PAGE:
Jane Fonda Hopes Her New Animated Film 'Luck' Will Encourage Kids to Never Give Up

The activist and grandmother talks about developing her animated character Babe, taking leaps of faith to create one's luck, and her best advice for other parents. 

HOLLYWOOD, CALIFORNIA - APRIL 23: Jane Fonda attends the Los Angeles Special FYC Event For Netflix's "Grace And Frankie" at NeueHouse Los Angeles on April 23, 2022 in Hollywood, California. (Photo by Momodu Mansaray/WireImage)
Photo: Momodu Mansaray/WireImage via Getty Images

Every parent has had a day in which nothing feels like it's going right. Who hasn't burned their kid's toast or spilled coffee all over their new outfit after dropping them off at school? But there may actually be a silver lining to those moments in which you might feel like the unluckiest person in the world, according to the legendary Jane Fonda, who stars in Luck, a new animated film from Apple Original Films and Skydance Animation.

"Just like silence has no meaning without noise, life has no meaning without death, luck has no meaning without bad luck," says the actress and activist. "One of the messages of the film is that you can learn from bad luck. Bad luck can actually make you strong, and I think that that's important for people to realize. You can learn from your failures. There's a phrase that I like: 'God doesn't come into us through our successes and our awards. God comes into us through our wounds and our scars.' And I know, personally, that that is true. And maybe that's a little message in the heart of this movie."

The multitalented performer and grandmother spoke to Parents about what she loved most about her role in Luck—an animated film (streaming August 5 on Apple TV+) about an unlucky character named Sam Greenfield, who unites with magical creatures to change her luck. Fonda also discusses how she's made her own luck throughout her life and her best advice for other parents.

Jumping Into Animated Films

The Academy Award-winning actress might be best known for her live-action roles—and perhaps her popular exercise videos—but she also loves animated films. "I've done a little bit of television animation," says Fonda, who has appeared on The Simpsons. "But this is the first time that I've done a feature film."

Fonda was drawn to the project in part thanks to Skydance, which also financed her Netflix show Grace and Frankie. She also liked the idea of her character, a dragon who's the CEO of Good Luck. And even before the team behind the flick had done all of the animation, Fonda got to work with the director and animator to help shape the character, including her name.

"I wanted her to be called Babe," says Fonda. "I wanted her to be a little bit feminine."

When it came to playing Babe, Fonda most enjoyed scenes involving "complex emotions" or "changes in emotions within a scene." "Like the first time that she sees Sam and thinks she's a leprechaun—and what a tall leprechaun," she says. "And when she was with her workers and cheering them on and wanting them to work out in the mornings, and when she sees her old love again, the unicorn, those kinds of things were a lot of fun."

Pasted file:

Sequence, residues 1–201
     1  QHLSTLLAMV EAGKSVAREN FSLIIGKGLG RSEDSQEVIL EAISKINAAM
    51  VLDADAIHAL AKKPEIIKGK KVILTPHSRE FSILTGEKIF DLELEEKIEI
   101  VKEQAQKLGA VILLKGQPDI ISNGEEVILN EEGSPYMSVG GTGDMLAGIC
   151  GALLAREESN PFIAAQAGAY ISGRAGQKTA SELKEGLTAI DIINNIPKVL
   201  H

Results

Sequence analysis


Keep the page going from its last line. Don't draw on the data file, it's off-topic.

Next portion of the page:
Creating Your Own Luck

Good luck doesn't occur entirely at random, says Fonda. "Luck is preparation meeting opportunity," she says. "A lot of opportunity can come along for a lot of people, but they don't even see it. You have to work on yourself and become a healthy enough and a whole enough person, so that when an opportunity comes along, you see it and you say, 'Oh, I can seize this opportunity to do something important or good.'"

The actress feels like she's made her own luck by working hard on herself over her lifetime and seizing opportunities. "I've also made myself brave," she says. "Luck can come from taking leaps of faith. 'I don't know whether this is gonna succeed, but I'm gonna make a leap of faith.' You can have wonderful things happen to you when you take leaps of faith. That takes courage and preparation."

What She Hopes Kids Take Away From the Film

One message that Fonda hopes comes across when children see the film is "don't give up."

"Sam has had nothing but bad luck," points out Fonda. "She's come through the foster care system. She could easily just go down a dark rabbit hole. But she doesn't. If you have an unfortunate family situation, don't give up. Make new friends, create a chosen family. They can give you strength."

Jane Fonda's Best Advice for Parents

Now more than ever, people raising kids might feel like they could use a little more luck—and a lot more support. To that, the proud mom of three and grandmother of two says it's important to simply "do the best you can"—and lend an ear to your child.

"We all have to realize how hard it is to be young," says Fonda. "It's easy to be old, unless you're sick. Because by the time we get to be old, we have been there, done that, and can say, 'I've seen that before, that's not going to kill me.' You know what to let go of. But being young is so hard. So we have to be very compassionate with our young people. And we have to listen. You will learn so much. They probably know way more than you think they do."

Fonda points out that it's a particular kind of listening that parents would do well to embrace. "It's listening from the heart," she explains. "It's trying to keep an open heart and really hear what your children are telling you. Now, you have to start as a parent early on to develop the kind of relationship where they will talk to you. Because at a certain point, if you haven't done that, they may not talk to you."

She also encourages parents not to pretend to know everything. "Humility and paying attention is the most important thing—having done none of those things as a parent, I might add," admits Fonda. "I know now how to do the parent thing. But I didn't at the time, and I'm willing to admit that."

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